Most of us don’t learn about Executive Presence until we grow into careers that require leadership and influence. However, I discovered the power of Executive Presence when I was fifteen years old.
As a sophomore in a performing arts high school in Florida, I was auditioning for a performance troupe that toured through our campus. During the audition, 10 of us lined up in front of an auditorium full of students. One by one, we stepped forward and simply stated our name. No explanation, no bio, just our name.
When my time came, I walked forward, paused, and took a deep breath. I looked calmly and purposefully around the room and felt a sense of anticipation as the audience waited for me to speak. Then I slowly and clearly stated my name as if it were the most critical piece of information that someone should know about me.
I made it into the troupe.
Later on, when explaining why we were chosen, the troupe director would point to my introduction – not my name, but how I had pronounced my name – as the reason why I was chosen. At the time, he had no idea that I was an opera singer in training or that I had performed in front of thousands of people. It all came across in those two words.
Think about how you introduce yourself when you walk into a room or speak up on a conference call. Your voice is one of the most powerful tools you have as a leader. The sound of your words, the energy in your words, and the intentionality behind your words, can all make the difference between being heard or not, between being listened to or not.
Voice is not the only component of Executive Presence, though it is one of the most important and the one I speak about most frequently when I teach leadership communication. Other components include confidence, a sense of purpose, body language, and the way you interact with others.
Think about what gives an opera singer stage presence: it’s the way the soprano walks purposefully out on stage, her sense of passion for the music; it’s the tenor’s confidence in his craft after years of study and practice. It’s the deep connection they both feel to the material, to the music, to why they do what they do.
These skills are even more important in a corporate setting because so few leaders learn them in business school. We believe we are either “born with it” or at a natural disadvantage. Maybe we’ve heard or have even spoken the words:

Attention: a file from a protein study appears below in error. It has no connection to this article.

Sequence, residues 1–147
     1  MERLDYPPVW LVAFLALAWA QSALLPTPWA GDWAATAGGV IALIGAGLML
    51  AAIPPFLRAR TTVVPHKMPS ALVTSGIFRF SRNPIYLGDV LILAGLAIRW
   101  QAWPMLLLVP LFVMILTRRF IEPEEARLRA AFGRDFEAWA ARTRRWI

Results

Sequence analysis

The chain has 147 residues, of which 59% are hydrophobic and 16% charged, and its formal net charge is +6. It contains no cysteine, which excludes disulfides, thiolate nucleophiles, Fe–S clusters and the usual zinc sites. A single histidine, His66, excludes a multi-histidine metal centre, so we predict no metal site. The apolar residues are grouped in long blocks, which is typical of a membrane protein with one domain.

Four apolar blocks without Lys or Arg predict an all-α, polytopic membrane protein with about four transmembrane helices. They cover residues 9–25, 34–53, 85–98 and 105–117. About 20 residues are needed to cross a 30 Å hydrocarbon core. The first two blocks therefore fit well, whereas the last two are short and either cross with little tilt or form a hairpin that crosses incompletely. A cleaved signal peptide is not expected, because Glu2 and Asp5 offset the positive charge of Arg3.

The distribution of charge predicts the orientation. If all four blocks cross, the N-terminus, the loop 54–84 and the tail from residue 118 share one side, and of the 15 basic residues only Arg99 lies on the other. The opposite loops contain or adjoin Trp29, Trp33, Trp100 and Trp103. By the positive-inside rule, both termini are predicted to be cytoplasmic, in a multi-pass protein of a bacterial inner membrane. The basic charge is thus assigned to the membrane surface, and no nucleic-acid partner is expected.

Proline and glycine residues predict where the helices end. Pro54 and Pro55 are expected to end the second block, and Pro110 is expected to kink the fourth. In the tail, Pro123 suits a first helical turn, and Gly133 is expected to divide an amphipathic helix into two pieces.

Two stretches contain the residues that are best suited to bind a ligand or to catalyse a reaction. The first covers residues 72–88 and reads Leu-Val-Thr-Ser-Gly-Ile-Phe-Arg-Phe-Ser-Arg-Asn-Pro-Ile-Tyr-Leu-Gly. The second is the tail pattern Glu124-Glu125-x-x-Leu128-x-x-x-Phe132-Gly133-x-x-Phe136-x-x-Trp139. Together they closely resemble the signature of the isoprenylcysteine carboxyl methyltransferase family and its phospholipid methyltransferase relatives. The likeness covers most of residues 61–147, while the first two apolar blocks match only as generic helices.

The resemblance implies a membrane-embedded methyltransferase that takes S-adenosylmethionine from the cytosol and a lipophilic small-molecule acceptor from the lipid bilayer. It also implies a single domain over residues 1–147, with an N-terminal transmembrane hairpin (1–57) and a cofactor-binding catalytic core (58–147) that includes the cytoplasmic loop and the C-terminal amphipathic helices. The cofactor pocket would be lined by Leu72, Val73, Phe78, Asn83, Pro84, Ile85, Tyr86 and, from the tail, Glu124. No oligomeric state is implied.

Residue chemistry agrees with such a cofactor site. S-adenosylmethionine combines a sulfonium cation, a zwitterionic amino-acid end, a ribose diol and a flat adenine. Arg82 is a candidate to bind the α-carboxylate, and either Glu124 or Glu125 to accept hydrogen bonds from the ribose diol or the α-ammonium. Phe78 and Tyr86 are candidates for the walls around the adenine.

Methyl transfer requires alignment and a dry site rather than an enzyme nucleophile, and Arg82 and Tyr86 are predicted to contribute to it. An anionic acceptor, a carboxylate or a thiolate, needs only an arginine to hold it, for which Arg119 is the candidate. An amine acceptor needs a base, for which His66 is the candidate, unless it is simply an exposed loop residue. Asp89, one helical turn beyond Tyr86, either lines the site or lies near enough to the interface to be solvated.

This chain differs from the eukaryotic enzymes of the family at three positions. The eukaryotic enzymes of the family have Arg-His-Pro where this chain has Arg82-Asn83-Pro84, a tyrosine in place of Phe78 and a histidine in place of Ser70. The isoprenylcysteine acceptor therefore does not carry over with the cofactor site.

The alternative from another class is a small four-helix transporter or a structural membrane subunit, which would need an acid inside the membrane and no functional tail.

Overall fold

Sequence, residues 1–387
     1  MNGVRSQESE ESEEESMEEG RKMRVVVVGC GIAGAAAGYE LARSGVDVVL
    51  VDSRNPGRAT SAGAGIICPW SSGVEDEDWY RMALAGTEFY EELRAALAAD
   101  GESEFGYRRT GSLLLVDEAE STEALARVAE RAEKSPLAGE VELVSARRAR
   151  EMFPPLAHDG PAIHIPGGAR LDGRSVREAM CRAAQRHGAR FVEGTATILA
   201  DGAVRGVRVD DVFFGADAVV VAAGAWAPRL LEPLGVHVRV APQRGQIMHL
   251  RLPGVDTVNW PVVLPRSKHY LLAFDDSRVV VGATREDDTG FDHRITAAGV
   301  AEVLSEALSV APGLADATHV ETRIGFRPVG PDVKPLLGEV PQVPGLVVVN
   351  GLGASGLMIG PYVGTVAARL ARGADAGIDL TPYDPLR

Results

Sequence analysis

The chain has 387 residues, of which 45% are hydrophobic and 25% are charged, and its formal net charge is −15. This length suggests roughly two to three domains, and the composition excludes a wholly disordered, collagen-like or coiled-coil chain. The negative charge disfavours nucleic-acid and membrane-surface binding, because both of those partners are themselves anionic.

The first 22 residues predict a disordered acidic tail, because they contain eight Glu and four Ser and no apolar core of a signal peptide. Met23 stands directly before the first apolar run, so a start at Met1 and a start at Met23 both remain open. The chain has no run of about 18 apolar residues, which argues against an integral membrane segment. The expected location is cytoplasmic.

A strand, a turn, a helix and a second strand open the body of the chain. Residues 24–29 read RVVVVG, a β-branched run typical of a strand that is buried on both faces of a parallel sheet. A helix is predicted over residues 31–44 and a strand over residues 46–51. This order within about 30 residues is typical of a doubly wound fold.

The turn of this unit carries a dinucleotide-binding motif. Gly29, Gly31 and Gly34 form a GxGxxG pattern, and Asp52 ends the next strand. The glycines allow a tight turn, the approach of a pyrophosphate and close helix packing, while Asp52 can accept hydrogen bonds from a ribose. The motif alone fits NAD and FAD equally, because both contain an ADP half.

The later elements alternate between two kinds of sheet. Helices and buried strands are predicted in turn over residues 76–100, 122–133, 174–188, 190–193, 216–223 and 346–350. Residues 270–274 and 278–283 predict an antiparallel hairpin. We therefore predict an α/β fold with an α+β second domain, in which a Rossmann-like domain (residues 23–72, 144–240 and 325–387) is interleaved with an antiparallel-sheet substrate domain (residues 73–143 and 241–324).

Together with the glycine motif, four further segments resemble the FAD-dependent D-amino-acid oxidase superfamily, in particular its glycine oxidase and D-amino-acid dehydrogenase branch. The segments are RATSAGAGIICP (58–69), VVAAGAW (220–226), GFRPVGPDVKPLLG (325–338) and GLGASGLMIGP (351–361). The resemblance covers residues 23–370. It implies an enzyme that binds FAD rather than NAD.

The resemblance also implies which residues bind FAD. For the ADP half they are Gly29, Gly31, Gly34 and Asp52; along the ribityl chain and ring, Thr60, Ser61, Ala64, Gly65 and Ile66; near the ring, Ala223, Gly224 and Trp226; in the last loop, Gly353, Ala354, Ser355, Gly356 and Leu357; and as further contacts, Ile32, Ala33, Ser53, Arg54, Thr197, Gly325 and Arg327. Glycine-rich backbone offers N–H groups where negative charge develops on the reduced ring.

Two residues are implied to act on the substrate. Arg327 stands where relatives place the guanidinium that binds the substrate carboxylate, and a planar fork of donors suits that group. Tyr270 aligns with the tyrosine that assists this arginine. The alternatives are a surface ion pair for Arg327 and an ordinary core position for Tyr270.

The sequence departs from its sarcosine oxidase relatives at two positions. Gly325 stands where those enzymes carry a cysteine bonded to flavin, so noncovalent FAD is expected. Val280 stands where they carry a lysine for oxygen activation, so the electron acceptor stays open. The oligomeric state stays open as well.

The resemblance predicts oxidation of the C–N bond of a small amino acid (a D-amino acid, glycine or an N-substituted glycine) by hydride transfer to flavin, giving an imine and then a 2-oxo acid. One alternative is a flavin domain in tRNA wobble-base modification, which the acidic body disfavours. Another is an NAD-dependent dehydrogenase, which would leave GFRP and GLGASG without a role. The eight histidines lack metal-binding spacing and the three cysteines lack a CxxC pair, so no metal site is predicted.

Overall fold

“We’d love to promote him, but he just doesn’t have leadership potential.”
Those of us in leadership positions and who have taught leadership know differently. We know that even these “soft skills” are both teachable and critical for our professional success at every level. The more senior we become, the more time we spend communicating the company’s message, and the more we wish we had learned these skills years ago. When coaching business executives, I frequently hear the same comment, “I feel like everyone else at my level learned this already; somehow I never did.”
Anyone can go through a technical training program and become technically competent. But the ability to communicate with others, to inspire others to achieve outstanding results, and to foster camaraderie and collaboration – these are crucial elements of business success which are often missing from professional development programs.
Now I’d like you to imagine a great business leader: perhaps the CEO of your organization, perhaps a member of the board, perhaps one of your colleagues. What gives that leader Executive Presence?
It could be the confident way she walks into the room and starts a meeting. It might be the clear, concise way he speaks, cutting out the jargon and the bureaucracy and getting straight to the point. Perhaps it’s the reputation that person has within the company. Maybe it’s in the power of their voice. All those attributes are critical elements of Executive Presence and they combine together to make a crucial impression on your audience.
Earlier this year, I was preparing to give a presentation on Executive Presence to a group of banking executives in a Fortune 500 company. In preparing my program, I interviewed three different individuals who would be in the audience. I asked all of them what they thought of Executive Presence and why it was important when presenting to clients.
Their answers were incredibly illuminating:
- Do you look like you deserve to be there?
- Does what you say make sense?
- Do you look like you’ll be able to execute the business?
Whether your audience comprises external or internal clients, every presentation is an opportunity to influence people’s behaviors, beliefs, or actions. You might be attempting to persuade the CEO to increase your budget to hire additional staff or adopt an experimental new program. Do you truly believe in what you are saying? Are you confident in your ability to deliver results? Do you have a sense of purpose in why you do what you do? Your Executive Presence addresses all those questions.
It’s not about creating a false leadership persona – your audience can see right through that and it negatively affects your reputation and your credibility. Presence requires you to connect authentically with what drives you in your work and then allow that sense of purpose to infuse your words, your actions, and your energy which creates a very powerful, persuasive argument.
Every time you speak up, you have an opportunity to change people’s behaviors and influence their actions. By focusing on your Executive Presence, you ensure that every aspect of your communication delivers the same powerful message.